Free the Grapes! developed a code of guidelines for direct shipments of wine to adult consumers for personal use. The purpose of the voluntary code is to provide shippers with a framework which, when adopted, will ensure that direct shipment orders and deliveries are completed in a manner consistent with appropriate laws, satisfies consumer demand, and supports the tenets of Free the Grapes!:
- support legislative provisions that satisfy tax payment provisions and reporting procedures
- protect against sales to minors
- respect state and local Prohibition laws (e.g., “dry” laws)
- support a vibrant national marketplace for the responsible enjoyment of wine
Introduced on January 12, 1999, several of these principles were taken from the model direct shipment law, which was proposed by the Coalition for Free Trade, Family Winemakers of California, Wine Institute and American Vintners Association (now WineAmerica), and recommended for adoption by the National Conference of State Legislatures, Task Force on the Wine Industry, on November 5, 1997.
- Out-of-state licensees may direct ship wine sold to adult consumers, for personal use, only in states where it is legal to do so.
- Out-of-state licensees must not ship to an address in an area identified by an appropriate state department of alcohol beverage control as a “dry” or local option area for such shipments.
- Cartons used to direct ship wine to adult consumers must be conspicuously labeled with a minimum notification “signature of person age 21 or older required for delivery” and must include a return address and other language required by specific state laws. Licensees may opt to further identify the contents, including words such as “wine enclosed” or “contains alcohol.” Free the Grapes! recommends that wineries support shippers, fulfillment companies and freight consolidators who utilize this labeling procedure.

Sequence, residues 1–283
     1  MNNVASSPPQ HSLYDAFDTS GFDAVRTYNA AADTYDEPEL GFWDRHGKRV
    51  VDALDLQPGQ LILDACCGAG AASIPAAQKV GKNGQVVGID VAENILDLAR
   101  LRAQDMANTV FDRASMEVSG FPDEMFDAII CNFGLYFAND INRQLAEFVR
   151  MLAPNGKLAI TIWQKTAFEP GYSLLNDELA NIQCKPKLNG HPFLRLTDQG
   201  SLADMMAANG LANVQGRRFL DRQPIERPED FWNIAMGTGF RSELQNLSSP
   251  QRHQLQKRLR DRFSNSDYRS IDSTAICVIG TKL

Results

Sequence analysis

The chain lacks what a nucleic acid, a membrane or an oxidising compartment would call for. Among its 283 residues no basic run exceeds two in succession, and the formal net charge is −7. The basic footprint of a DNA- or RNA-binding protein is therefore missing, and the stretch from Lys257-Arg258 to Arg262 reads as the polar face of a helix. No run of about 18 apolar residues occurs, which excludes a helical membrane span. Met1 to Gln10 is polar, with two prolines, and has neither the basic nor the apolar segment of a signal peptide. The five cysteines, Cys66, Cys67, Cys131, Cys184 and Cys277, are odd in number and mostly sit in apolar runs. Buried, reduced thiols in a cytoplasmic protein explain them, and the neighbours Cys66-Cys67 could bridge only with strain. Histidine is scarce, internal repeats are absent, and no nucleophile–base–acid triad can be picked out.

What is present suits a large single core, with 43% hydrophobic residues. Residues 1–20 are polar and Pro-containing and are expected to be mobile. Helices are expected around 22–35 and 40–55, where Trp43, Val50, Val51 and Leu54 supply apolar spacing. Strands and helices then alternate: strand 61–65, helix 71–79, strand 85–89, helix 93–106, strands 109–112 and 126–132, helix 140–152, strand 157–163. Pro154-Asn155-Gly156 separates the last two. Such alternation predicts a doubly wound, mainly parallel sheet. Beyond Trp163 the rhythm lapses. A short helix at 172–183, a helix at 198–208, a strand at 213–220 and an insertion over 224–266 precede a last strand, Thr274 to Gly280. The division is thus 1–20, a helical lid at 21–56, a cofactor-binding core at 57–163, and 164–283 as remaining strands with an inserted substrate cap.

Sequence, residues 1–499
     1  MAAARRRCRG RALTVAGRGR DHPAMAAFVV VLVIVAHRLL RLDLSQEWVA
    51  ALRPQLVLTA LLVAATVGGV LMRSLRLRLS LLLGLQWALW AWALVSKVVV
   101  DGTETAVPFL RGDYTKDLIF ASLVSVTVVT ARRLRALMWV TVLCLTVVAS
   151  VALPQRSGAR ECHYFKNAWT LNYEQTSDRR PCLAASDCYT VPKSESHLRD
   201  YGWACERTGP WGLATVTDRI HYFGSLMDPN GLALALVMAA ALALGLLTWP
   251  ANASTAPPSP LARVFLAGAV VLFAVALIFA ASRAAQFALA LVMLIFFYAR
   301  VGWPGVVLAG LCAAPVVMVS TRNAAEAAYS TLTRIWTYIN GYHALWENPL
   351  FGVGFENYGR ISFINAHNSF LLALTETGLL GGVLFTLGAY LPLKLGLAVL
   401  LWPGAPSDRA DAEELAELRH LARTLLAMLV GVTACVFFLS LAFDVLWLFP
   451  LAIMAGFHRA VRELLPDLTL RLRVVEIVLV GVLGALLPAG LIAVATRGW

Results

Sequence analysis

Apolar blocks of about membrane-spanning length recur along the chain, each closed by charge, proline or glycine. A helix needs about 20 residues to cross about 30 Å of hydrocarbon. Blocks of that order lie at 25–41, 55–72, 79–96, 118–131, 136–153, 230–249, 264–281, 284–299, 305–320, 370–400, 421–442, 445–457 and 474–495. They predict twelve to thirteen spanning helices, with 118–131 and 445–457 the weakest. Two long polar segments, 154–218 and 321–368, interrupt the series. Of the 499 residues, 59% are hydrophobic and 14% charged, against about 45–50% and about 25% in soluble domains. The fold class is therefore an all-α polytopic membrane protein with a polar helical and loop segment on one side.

- Licensees must verify the purchaser’s age at the point of online purchase before completing any transaction. Some state laws now require age verification using a state-approved vendor, or by receiving a copy of the purchaser’s drivers license, prior to the completion of the transaction. Additionally, licensees must notify purchasers that the recipient will be asked to show identification upon delivery.
- Wineries must comply with all anti-spam legislation. For example, some states have enacted laws designed to prevent wine-related emails that might be unintentionally sent to underage consumer who have registered on a “do not email” database, and requires wineries to have their email lists scrubbed against a database of “do not email” lists.
- Free the Grapes! encourages licensees to contract only with shippers who check the identification of recipients at the time of delivery to ensure that the recipient is 21 years of age or older.
- All out-of-state licensees must report to the appropriate state authority the total of wine shipped into the state the preceding calendar year, as required by state law. Additionally, as required by state law, out-of-state shipper licensees must pay the appropriate state agency sales and excise taxes due on sales to residents of that state in the preceding calendar year.
- Out-of-state licensees should offer consumers resources for answering their questions about direct shipping, including Free the Grapes! (www.freethegrapes.org), Wine Institute (www.wineinstitute.org), Family Winemakers of California (www.familywinemakers.org), WineAmerica (www.wineamerica.org), and Specialty Wine Retailers Association (www.specialtywineretailers.org), among other resources.
- Free the Grapes! encourages wineries to conspicuously post this code and train employees, to increase the knowledge of and appreciation for, the industry’s responsibilities in direct shipping.
- Wineries, their agents, retailers, fulfillment companies, freight consolidators and other shippers who do not abide by this voluntary code of business practices are not in compliance with wine industry sanctioned standards. Non-compliance undermines the wine industry’s desire to: a) fulfill consumer demand, b) comply with government regulations and controls, and c) support a dynamic distribution system which embraces both the efficiencies of the traditional three tier system, and the evolution of a dynamic, direct-to-consumer marketplace.
December 2006: added provisions on anti-spam laws, age verification.